While often included in a lot of health benefits packages, offering your employees life insurance could be an excellent addition to your current perks. Although seldom used, life insurance is a small sign that shows you care about the life of their family beyond just office hours. Additionally, at such a low cost, this is a pretty simple aspect to add to your packages. Try contacting some brokers or insurance agents to see if you can find a policy that’s right for your firm.
Dedicated Time To Enjoy Their Hobbies
Although something seen more often in startups in Silicon Valley, having dedicated office time for employees to enjoy their passions is something that has shown great results. Whether it be learning the piano or taking on building a video game, having your team spend some time on the things they truly enjoy can translate to increased productivity. Why? Because giving them the ability to better themselves, they’ll in turn bring that to their work as well.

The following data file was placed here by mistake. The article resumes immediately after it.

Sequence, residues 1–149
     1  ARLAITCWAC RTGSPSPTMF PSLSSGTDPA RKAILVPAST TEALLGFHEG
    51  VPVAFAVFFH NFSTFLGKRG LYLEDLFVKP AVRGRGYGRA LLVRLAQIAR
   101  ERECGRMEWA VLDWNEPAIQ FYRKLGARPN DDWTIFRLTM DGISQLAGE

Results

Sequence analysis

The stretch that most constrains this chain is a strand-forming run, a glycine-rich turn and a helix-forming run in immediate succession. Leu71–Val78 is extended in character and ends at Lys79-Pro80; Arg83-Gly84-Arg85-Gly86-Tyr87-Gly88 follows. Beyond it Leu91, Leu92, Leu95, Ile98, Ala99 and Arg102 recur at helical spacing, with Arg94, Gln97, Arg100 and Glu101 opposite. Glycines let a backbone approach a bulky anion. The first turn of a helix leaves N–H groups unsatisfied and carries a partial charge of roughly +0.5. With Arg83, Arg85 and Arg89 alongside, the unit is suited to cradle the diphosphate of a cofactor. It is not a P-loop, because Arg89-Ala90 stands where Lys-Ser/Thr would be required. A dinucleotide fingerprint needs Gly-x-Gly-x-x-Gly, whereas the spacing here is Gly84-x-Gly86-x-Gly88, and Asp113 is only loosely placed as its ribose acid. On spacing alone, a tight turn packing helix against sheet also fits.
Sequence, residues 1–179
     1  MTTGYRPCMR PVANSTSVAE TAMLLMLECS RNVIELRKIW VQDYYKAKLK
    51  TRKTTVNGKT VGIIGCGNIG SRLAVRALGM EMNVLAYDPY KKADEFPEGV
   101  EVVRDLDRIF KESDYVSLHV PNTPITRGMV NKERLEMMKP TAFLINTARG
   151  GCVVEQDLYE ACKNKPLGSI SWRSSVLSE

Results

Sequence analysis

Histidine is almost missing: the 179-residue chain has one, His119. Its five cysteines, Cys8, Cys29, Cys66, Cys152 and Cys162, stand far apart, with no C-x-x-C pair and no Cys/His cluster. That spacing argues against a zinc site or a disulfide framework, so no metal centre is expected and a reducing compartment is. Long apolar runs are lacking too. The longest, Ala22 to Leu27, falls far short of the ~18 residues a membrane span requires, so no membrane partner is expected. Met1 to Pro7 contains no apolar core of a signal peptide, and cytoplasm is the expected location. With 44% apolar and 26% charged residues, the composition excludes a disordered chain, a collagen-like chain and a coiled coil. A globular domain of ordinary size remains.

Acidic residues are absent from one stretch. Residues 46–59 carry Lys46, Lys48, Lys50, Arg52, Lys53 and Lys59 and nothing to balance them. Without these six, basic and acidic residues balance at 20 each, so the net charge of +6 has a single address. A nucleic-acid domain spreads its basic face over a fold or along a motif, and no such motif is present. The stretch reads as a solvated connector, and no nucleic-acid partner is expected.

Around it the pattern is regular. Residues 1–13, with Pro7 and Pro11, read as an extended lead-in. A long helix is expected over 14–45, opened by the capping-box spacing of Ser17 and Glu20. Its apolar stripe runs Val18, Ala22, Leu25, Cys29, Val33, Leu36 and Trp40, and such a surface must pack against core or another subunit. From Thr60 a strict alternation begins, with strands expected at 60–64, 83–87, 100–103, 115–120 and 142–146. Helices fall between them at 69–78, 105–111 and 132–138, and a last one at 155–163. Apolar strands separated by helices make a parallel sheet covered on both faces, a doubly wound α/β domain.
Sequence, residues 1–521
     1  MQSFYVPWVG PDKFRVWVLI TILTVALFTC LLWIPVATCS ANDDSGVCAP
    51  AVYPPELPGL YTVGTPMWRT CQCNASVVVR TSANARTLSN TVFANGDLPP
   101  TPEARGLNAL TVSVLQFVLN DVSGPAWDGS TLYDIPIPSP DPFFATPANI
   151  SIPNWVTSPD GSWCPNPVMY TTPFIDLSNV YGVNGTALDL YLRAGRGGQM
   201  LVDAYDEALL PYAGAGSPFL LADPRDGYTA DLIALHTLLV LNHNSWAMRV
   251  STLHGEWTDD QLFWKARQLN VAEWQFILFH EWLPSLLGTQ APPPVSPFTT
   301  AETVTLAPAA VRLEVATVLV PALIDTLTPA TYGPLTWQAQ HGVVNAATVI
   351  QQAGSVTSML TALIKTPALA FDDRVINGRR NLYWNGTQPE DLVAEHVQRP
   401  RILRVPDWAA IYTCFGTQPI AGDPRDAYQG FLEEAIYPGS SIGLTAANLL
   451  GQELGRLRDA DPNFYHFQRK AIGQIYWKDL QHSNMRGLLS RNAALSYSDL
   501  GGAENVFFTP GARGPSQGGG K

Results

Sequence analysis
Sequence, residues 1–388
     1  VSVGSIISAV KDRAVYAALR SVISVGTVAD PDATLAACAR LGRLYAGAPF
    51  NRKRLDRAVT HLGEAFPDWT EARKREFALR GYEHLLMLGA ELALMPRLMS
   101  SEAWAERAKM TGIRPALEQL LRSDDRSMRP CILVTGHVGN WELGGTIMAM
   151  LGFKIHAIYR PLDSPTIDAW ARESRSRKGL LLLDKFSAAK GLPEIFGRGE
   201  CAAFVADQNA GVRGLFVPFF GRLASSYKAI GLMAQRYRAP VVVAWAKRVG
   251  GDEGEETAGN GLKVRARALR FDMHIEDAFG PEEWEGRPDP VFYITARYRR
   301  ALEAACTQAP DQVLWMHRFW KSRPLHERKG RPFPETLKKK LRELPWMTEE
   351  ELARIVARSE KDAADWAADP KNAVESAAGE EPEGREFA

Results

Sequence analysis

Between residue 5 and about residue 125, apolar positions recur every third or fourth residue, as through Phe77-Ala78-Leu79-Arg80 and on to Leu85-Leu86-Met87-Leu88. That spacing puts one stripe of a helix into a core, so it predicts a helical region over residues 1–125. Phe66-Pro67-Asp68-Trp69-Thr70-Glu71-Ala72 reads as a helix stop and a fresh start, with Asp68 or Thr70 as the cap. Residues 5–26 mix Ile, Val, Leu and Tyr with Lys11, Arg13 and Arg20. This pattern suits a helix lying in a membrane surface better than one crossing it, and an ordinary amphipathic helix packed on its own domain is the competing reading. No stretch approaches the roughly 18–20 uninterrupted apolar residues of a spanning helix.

The Ability To Work Remotely
It’s no secret that a lot of employers despise the idea of letting their employees work remotely. However, it’s actually proven to hold some amazing benefits. According to Global Workplace Analytics, 95% of employers that allow their employees to telework reported an increased rate of retention, saving on both turnover and sick days. Depending on the needs of each individual role, this can be a strategy to implement either whenever your team wants or on assigned days. Either way, this is one perk almost everyone will love.
Even though it’s mandated for companies with over 50 employees, offering health insurance regardless is arguably a benefit well received across the board. In fact, as noted in research compiled by KFF, 28.6% of employers with less than 50 people still offered health care. Why is that the case? Because it shows you care about their well-being, and know that a healthy employee is one that doesn’t have to worry about astronomical medical bills.